December 05, 2017

Creating a User in Ansible

We'll cover how to make users in Linux, and how that translates into making users with Ansible.

Making users in Linux isn't necessarily as simple as making a username, and giving it a password. There are a few considerations you need to know about! Knowing these will make creating new users in Ansible easier.

First, some Linux distributions have the adduser command, wihch is a shortcut (with sensible defaults) to the useradd command.

By default, adduser command will create a new user that is able to login and has a home directory. The useradd command needs to be told to do all of these things. The way Ansible creates a user is more like useradd than the easier adduser.


Here are a few things to know about creating a new user on Linux systems:

System vs Regular Users

By convention, users can be "system" users or "normal" users. System users often have a user id (UID) below 1000 and cannot be used to login. They are usually used to run programs. For example, users www-data or apache are often used to run web servers. Conversely, "regular" users typically have UID's at 1000 or higher and are allowed to log into the server.

If you're curious about how UID's are assigned, you can see the file /etc/login.defs to find variables like UID_MIN and UID_MAX set for system vs regular users:

# Min/max values for automatic uid selection in useradd
UID_MIN                  1000
UID_MAX                 60000
# System accounts
#SYS_UID_MIN              100
#SYS_UID_MAX              999

# Min/max values for automatic gid selection in groupadd
GID_MIN                  1000
GID_MAX                 60000
# System accounts
#SYS_GID_MIN              100
#SYS_GID_MAX              999

Ability to Login

Users cannot login (over SSH or otherwise) unless they are assigned a shell, usually /bin/bash. This shell is the program run when you login - it's why you can interact with the server.

The ability to login usually coincides with assigning the user a home directory. By convention (and default), this is created at /home/<username>, but can be any location.


Users have a primary group, which is usually the same name as their username. However, users can be assigned one or more secondary groups.

Creating a User in Ansible

Knowing the above, we can create a user in Ansible.

We'll create a user who is able to login with the following attributes:

  • User: fideloper
  • Password: secret
  • Home Directory: /home/fideloper
  • Shell: /bin/bash

We can see we're creating a "regular" user, one that can login. That user will likely be assigned a UID of 1000 or greater.

Here's a Ansible task file with a user definition for the above. It uses the user module to create a user:

 - name: Create a login user
      name: fideloper
      password: '???'
      groups: # Empty by default, here we give it some groups
       - docker
       - sudo
      state: present
      shell: /bin/bash       # Defaults to /bin/bash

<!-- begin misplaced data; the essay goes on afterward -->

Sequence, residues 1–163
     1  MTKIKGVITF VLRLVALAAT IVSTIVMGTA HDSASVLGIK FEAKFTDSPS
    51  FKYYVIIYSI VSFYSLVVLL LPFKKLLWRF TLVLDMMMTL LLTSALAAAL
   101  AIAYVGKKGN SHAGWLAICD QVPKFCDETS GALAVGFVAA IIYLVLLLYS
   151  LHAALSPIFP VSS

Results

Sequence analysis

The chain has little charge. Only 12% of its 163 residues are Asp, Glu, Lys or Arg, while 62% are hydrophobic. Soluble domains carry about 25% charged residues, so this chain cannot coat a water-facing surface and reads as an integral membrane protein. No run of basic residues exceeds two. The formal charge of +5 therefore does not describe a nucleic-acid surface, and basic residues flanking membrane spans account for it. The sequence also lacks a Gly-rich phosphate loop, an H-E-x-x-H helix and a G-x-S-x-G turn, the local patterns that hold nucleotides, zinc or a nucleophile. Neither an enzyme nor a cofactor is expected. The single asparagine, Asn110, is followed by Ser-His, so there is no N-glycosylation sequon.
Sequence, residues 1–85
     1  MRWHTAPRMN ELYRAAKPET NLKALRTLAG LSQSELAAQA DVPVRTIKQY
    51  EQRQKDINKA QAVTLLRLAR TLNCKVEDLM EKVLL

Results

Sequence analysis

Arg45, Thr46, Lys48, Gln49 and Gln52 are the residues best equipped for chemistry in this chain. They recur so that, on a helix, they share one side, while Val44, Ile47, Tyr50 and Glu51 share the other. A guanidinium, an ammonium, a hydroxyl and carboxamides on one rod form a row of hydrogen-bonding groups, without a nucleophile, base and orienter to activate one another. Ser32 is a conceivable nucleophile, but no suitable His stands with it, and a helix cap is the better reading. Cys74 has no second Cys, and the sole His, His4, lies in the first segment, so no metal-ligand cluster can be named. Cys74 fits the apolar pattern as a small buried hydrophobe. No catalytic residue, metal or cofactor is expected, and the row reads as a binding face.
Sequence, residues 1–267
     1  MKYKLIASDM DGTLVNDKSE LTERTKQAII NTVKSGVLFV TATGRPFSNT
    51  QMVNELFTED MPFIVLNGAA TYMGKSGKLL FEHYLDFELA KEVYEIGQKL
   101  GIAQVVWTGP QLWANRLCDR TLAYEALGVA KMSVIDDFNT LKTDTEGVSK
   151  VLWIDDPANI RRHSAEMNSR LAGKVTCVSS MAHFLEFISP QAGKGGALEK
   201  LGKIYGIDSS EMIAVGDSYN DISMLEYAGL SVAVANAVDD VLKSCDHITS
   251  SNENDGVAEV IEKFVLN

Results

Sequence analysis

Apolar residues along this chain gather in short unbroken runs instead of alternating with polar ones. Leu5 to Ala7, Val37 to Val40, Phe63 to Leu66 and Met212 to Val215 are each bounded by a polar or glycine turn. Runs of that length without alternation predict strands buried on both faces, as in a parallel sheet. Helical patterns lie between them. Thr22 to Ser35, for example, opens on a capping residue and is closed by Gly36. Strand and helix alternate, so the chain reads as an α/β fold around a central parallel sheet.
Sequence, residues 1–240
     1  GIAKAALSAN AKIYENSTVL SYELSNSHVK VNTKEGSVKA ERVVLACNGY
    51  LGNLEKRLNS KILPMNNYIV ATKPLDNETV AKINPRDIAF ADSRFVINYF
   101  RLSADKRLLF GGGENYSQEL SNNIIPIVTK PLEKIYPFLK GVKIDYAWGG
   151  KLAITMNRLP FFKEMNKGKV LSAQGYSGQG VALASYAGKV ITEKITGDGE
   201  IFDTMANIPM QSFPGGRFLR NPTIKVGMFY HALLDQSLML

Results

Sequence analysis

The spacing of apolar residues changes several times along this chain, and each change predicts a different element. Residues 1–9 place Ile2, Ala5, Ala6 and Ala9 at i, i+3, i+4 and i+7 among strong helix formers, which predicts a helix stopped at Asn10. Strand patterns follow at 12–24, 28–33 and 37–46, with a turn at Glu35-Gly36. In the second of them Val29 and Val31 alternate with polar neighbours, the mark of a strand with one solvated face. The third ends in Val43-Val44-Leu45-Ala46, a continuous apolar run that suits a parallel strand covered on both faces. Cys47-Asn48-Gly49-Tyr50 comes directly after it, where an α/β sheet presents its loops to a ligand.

system: no             # Defaults to no
      createhome: yes        # Defaults to yes
      home: /home/fideloper  # Defaults to /home/<username>

Let's cover that task definition:

  1. name: Set the username (the primary group they belong to will be the same).
  2. password: Set their password, we'll cover how this works in a minute.
  3. groups: Assign secondary groups. Here we add this user to groups "docker" and "sudo" (group sudo allows the user to run sudo commands on Ubuntu and Debian linux).
  4. state: Tell ansible we want the user to exist.
  5. shell: You can define any shell. The default is /bin/bash. I just re-iterate the default here.
  6. system: Set this to "yes" to make it a system user. No shell or home directory will be made unless specified otherwise.
  7. createhome: Yes to create a home directory, no to not create one
  8. home: If you don't want to use the default location, set it here

Note that we have a few ways we can create users. Using the "system" setting we essentially flip a few defaults. A system user will have a lower UID, no shell, and no home directory. A "regular" user (system: no) will have these things assigned, and likely a UID at 1000 or over.

Generating Password Strings

The one thing I left off here is how to make a valid password string. You can't put a plaintext password into Ansible. Instead you need to generate one!

The easiest way to do this is with the mkpasswd command:

mkpasswd --method=sha-512

This will prompt you for the plaintext password and will give you a hashed password string you can paste into the task definition. For password secret, I get hash $6$F4NWXRFtSdCi8$DsB5vvMJYusQhSbvGXrYDXL6Xj37MUuqFCd4dGXdKd6NyxT3lpdELN07/Kpo7EjjWnm9zusFg/LLFv6oc.ynu/.

That would make my Yaml look like this:

 - name: Create a login user
      name: fideloper
      password: '$6$F4NWXRFtSdCi8$DsB5vvMJYusQhSbvGXrYDXL6Xj37MUuqFCd4dGXdKd6NyxT3lpdELN07/Kpo7EjjWnm9zusFg/LLFv6oc.ynu/'
      groups: docker, sudo   # Empty by default.
      state: present
      shell: /bin/bash       # Defaults to /bin/bash
      system: no             # Defaults to no
      createhome: yes        # Defaults to yes
      home: /home/fideloper  # Defaults to /home/<username>

Installing mkpasswd

To get the mkpasswd command:

  • On Debian/Ubuntu systems, mkpasswd likely exists, but if not, it's part of the whois package: sudo apt-get install -y whois.
  • On CentOS, I believe the expect package has it: sudo yum install expect. However, you can check to see if grub-crypt is available too and use it just like mkpasswd.
  • On Macintosh, you can install the mkpasswd gem via gem install mkpasswd. Source code here.


  1. Check the docs for more info, such as creating an SSH key on the fly
  2. Use the authorized_keys module to add an authorized public key

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